How do you create a food budget that works? I mean, you could just buy what you want and let the chips fall where they may. You could buy only what you need, but sometimes, uh, you really need a gallon of high-end ice cream.
As boring as it sounds, having a food budget — a distinct allowance for grocery shopping — really is important. In fact, it's key to living within your means and achieving your financial goals. Without a food budget, it's very easy to let spending get out of control without a lot to show for it.
Here is my food budget 101 — start from scratch to achieve a budget that really works for you.
The Steps to Starting a Budget
Starting from scratch? Start here.
1. Choose a starting point.
At some point, you have to choose a number. I prefer using the USDA Food Cost reports as my guide. The report accounts for every member of your family and considers four different types of budgets to help you come up with a realistic number. Our tax dollars have already paid for the research, so why not benefit from that data?
2. Start tracking your spending.
You can save your receipts after each shopping trip and add them up the old-fashioned way, or you can track your spending in an app, such as You Need a Budget or Prosper. Either way, start keeping track of how much you spend so that you can know if your target is a realistic one for you and your household.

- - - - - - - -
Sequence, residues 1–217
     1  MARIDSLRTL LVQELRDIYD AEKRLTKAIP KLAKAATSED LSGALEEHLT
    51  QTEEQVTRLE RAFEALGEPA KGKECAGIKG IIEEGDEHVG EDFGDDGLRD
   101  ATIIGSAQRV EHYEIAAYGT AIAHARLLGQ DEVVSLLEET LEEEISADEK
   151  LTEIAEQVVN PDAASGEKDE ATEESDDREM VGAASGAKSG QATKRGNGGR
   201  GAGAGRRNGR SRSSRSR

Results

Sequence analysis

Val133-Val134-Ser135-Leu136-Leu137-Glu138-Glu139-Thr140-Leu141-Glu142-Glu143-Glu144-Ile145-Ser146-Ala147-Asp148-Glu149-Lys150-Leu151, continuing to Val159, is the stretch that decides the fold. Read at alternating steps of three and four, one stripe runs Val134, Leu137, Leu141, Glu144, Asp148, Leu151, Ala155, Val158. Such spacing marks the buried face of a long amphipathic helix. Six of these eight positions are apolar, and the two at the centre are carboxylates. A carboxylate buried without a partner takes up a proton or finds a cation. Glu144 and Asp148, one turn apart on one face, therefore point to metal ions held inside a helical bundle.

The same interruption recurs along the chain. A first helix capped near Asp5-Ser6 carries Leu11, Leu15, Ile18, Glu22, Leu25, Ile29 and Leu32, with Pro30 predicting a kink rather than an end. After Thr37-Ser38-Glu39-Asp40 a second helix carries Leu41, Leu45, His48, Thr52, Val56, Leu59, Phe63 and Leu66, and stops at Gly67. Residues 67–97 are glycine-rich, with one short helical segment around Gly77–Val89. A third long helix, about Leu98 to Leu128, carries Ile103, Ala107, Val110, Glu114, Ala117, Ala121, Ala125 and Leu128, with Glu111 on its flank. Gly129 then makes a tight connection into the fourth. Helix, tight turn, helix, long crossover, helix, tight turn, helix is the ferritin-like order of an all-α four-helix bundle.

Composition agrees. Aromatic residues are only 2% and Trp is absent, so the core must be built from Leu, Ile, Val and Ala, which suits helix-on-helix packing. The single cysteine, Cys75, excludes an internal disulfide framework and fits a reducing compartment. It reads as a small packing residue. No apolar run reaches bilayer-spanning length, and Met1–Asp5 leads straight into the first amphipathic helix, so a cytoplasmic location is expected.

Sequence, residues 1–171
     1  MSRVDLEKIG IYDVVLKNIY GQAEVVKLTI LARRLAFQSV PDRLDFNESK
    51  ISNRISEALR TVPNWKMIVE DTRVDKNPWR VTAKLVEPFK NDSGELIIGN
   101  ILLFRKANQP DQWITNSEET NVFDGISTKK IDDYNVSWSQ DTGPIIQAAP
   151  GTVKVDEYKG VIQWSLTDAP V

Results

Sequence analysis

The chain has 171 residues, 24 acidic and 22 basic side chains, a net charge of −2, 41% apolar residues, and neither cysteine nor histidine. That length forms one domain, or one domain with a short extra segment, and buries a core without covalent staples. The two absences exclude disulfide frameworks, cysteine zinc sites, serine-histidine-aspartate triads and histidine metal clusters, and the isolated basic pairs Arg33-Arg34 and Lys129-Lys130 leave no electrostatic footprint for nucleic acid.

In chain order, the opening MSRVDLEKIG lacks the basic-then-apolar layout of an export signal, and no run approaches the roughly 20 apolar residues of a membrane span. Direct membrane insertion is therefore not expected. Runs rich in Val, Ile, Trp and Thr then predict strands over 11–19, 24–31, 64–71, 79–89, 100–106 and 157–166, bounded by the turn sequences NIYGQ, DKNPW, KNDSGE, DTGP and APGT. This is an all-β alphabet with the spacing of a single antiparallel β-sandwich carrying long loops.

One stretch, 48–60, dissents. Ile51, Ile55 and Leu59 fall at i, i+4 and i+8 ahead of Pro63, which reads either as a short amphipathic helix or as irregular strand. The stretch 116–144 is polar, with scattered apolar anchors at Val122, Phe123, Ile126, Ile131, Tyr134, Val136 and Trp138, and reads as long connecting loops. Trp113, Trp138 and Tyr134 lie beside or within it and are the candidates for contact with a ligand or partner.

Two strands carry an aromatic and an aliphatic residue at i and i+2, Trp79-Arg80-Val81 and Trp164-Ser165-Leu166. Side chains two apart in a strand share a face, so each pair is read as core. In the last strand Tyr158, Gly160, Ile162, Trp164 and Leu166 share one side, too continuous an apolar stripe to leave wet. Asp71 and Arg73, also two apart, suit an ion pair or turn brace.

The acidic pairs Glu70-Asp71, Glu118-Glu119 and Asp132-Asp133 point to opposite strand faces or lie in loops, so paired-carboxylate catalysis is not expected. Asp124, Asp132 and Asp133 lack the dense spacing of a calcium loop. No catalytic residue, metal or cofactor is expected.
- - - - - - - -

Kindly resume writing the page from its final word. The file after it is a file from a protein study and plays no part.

If your spending is well under budget, then you can afford to splurge a little more often or divert those funds to other financial goals. If your spending is over budget, then something has got to give: Either you start spending less or you find ways to increase your grocery allowance without sending your larger budget (housing, transportation, etc.) out of balance.
Need to get under budget? Consider these strategies for adjusting your shopping to your budget.
1. Make peace with compromise.
Perhaps you continue to buy your favorite coffee, but you decide to make more meatless meals. Maybe you can still indulge in a good steak dinner, but you save it for special occasions. If you're consistently over budget, it's time to make some compromises where you can.
2. Shop the sales.
A penny saved is a trip to France — eventually. By shopping the sales (instead of choosing groceries on a whim) you can still eat well without paying top dollar.
Speaking of sales, if you know you'll go through a bag of steel-cut oats every week and they happen to be on special, buy a few bags to take advantage of the deal. As long as you can use the hoard before it goes bad, you may as well buy it while it's on the cheap.
4. Choose your supermarket wisely.
While you can shop on a budget at higher-end stores, just know that some stores simply offer better prices than others. I recently started tracking prices at the stores where I regularly shop and I was stunned to realize that some were really not competitively priced. As a result, I'm changing up my go-to grocery store.
More on Shopping on a Budget
Creating a grocery budget isn't just about picking a number out of thin air and hoping the numbers magically align. You gotta finesse it. Thankfully, finessing your budget and making it jive with reality isn't rocket science. You can do this.
Do you have strategies or tools for budgeting around food?